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A long-anticipated slashing of ties between Niger and France’s energy industry may now be in motion. The Nigerien military junta revoked Orano’s operating permit for the Imouraren uranium mine, a project that has been in the works for many years and was expected to tap into 200,000 tons of uranium reserves before the end of the decade. Orano is France’s state-owned nuclear fuel producer, making it an obvious target of the anti-imperialist movement that has helped Generals in Niger’s Presidential Guard successfully usurp and maintain power in the country after they arrested President Mohamed Bazoum in July 2023. 

French diplomats and military staff have been run out of the country – along with US forces that are now withdrawing – to be replaced with Russian military personnel and paramilitary operators associated with the Wagner Group. This indicates Russia is putting deeper roots down in West Africa, where it has been consolidating its influence for several years. Reports suggest that Rosatom, Russia’s state-owned uranium giant, may have an interest in subsuming Orano’s assets in Niger if the state continues to vacate French claims on them. Uranium is a critical resource for all involved as Niger is Africa’s second-biggest uranium producer, France’s numerous nuclear power plants make it the top exporter of electricity in Europe, and Russia is the world’s leading exporter of enriched uranium.

Related ETFs: Sprott Uranium Miners ETF (URNM), Global X Uranium ETF (URA)

Last Friday, Niger’s military junta revoked the operating permit of Orano, a French state-owned nuclear fuel producer, in relation to a large uranium mine known as Imouraren. That project, which Orano has described as one of the largest uranium reserves in the world, could have yielded 200,000 tons of the metal and was expected to open by 2028. It has been eleven months since the overthrow and imprisonment of the elected Nigerien President, Mohamed Bazoum, allowing Generals from his own Presidential Guard to seize power over the country. At the time, MRP wrote that the event likely represented a de-stabilizing catalyst for European and American influence in West Africa, and could eventually threaten to disrupt the flow of Uranium to those locales. Bloomberg has reported that Niger is Africa’s second-biggest uranium producer and the leading African supplier for European utilities.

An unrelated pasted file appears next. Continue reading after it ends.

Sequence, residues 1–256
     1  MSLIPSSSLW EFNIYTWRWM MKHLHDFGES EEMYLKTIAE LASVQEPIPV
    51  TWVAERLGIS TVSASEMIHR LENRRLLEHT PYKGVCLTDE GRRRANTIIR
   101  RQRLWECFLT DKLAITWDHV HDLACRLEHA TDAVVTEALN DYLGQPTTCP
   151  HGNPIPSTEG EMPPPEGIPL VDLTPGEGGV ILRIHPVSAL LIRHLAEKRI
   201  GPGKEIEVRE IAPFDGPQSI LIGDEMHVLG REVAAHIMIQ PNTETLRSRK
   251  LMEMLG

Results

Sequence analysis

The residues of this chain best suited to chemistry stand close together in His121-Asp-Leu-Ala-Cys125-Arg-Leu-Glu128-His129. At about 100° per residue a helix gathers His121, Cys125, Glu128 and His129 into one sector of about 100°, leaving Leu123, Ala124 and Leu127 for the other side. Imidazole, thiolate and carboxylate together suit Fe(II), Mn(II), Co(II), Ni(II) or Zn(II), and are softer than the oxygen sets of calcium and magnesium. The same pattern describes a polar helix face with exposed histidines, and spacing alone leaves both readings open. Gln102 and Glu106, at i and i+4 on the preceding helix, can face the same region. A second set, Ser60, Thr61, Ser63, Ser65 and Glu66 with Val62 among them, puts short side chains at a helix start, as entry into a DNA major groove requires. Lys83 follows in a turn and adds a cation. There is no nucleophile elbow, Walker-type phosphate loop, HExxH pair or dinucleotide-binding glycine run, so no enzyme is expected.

In addition to its processing facilities, we noted last year that Orano operates at three mining sites in Niger. Just one, the Aïr mine in the northwestern region of the country, is currently in production. That mine, several miles north of the Imouraren site, is owned by a joint venture known as SOMAIR – a subsidiary of Orano – but the Government of Niger also holds a minority stake in this business. This is a similar arrangement to the one in place with Imouraren, wherein Orano would own roughly two-thirds of the venture and state-affiliated Nigerien entities would control the remainder. SOMAIR’s mine is the largest uranium mine in the Sahara. Not long before the coup, Orano had signed new contracts with the Nigerien government to extend its uranium mining activity in the country until 2040. This indicates that the company has long-term plans for continued uranium acquisition on the African continent, but these could be severely hindered if Niger’s junta continues its hostility toward Orano’s business.

France is particularly reliant on uranium to fuel its nuclear power capacity, responsible for as much as 75% of the country’s electricity generation. Conflicting figures have been published regarding France’s reliance on Niger, with some outlets claiming…

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